President Muhammadu Buhari has proposed tree planting as part of the solutions to the frequent clashes between herdsmen and farmers in the country.
Citing an opinion article published in the Scientific American, the Presidential Spokesman, Mallam Garuba Shehu, said yesterday that Buhari stated that drylands forced herders to migrate from the North/Sahel region to the South during the dry season in search of wetlands to graze cattle.
Buhari argued that to restore the ecology of the North, tree planting would help and in the process, keep the herders in their locality, as against the seasonal migration.
The President wrote that Nigeria, which had already planted 1million trees as part of efforts to combat climate change, would plant 25 million more trees.
"Today, President Muhammadu Buhari writes in an opinion article in Scientific American, in which more than 150 Nobel laureates have been published, that the Nigerian government is taking action against the ecological breakdown that drives conflicts.
"He explains that planting trees is part of the solution, and the reason Nigeria is planting another 25 million, on top of the 1 million hectares already reforested.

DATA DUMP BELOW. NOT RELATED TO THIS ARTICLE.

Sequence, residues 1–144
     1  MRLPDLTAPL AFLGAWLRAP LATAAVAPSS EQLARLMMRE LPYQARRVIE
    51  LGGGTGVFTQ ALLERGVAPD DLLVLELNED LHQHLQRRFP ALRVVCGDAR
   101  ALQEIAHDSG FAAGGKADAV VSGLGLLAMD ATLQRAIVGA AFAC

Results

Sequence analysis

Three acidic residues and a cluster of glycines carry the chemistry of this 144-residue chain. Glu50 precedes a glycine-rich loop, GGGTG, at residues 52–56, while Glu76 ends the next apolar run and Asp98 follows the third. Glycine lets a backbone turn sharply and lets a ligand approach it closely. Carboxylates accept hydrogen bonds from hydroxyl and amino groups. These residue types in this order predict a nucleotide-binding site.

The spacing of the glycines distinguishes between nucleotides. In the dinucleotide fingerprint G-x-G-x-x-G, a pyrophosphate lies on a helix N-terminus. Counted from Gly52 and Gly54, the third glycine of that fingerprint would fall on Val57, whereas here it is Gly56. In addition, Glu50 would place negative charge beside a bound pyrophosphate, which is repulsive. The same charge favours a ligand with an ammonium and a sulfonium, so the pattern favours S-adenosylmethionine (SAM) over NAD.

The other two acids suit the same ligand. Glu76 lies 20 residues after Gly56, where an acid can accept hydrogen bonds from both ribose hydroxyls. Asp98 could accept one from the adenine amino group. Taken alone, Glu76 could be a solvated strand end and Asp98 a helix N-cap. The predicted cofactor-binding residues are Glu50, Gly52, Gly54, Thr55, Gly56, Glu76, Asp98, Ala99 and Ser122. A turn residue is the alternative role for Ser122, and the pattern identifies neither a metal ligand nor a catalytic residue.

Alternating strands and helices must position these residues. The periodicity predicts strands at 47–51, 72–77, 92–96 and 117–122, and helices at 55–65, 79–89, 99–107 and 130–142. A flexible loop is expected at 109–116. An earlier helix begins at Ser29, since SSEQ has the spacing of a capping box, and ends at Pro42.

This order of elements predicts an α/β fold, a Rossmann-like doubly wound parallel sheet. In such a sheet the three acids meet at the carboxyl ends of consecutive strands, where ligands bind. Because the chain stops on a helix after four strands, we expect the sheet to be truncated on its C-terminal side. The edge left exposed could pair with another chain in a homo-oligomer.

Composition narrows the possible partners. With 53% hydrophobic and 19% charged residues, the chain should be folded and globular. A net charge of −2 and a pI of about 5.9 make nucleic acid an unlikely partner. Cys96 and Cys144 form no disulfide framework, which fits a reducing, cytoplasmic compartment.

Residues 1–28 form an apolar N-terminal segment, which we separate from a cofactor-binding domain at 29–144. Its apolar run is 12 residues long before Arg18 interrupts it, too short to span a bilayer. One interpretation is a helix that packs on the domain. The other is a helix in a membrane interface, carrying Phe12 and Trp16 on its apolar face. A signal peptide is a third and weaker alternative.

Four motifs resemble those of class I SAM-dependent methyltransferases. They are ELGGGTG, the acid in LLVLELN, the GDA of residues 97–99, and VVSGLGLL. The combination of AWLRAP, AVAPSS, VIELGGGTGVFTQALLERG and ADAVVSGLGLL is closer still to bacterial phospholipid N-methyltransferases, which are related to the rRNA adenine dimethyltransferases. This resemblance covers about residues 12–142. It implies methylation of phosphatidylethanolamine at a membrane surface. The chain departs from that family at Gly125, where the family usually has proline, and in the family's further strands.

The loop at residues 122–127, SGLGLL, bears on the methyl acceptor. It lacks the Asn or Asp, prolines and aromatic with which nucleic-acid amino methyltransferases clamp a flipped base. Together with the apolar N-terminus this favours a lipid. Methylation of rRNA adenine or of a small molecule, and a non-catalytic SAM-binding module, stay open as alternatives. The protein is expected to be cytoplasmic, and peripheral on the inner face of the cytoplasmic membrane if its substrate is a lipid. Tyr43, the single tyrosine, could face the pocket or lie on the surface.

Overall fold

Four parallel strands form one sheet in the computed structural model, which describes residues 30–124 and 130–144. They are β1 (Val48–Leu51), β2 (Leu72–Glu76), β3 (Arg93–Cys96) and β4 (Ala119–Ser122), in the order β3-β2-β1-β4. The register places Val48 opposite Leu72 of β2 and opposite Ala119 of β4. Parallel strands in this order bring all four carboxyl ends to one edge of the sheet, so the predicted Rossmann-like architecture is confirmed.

The article comes ahead of the project launch later this month by the National Youth Climate Innovation Hub, the organisation mobilising youth in the tree planting exercise. In tackling these challenges, the government believes it is essential to involve young people in the decision-making processes on climate action because, ultimately, it is their future that shall be affected.
"The tree planting is part of a larger project, a Great Green Wall," Shehu, stated.
On the importance of tree planting, the statement quoted Buhari as writing, "Trees lend a base to build on. They aid water retention in the ground; they shield the land from erosion; and they enrich biodiversity, key for recycling the nutrients in the soil required to grow crops. In the process, they underwrite food security." On how trees will help resolve herder-farmer conflicts, the President wrote, "Critically, ecological restoration reduces the threat of land disputes.
"In the dry season, barren, often drought-stricken pastureland in the Sahel forces nomadic herders to drive their cattle further south to graze."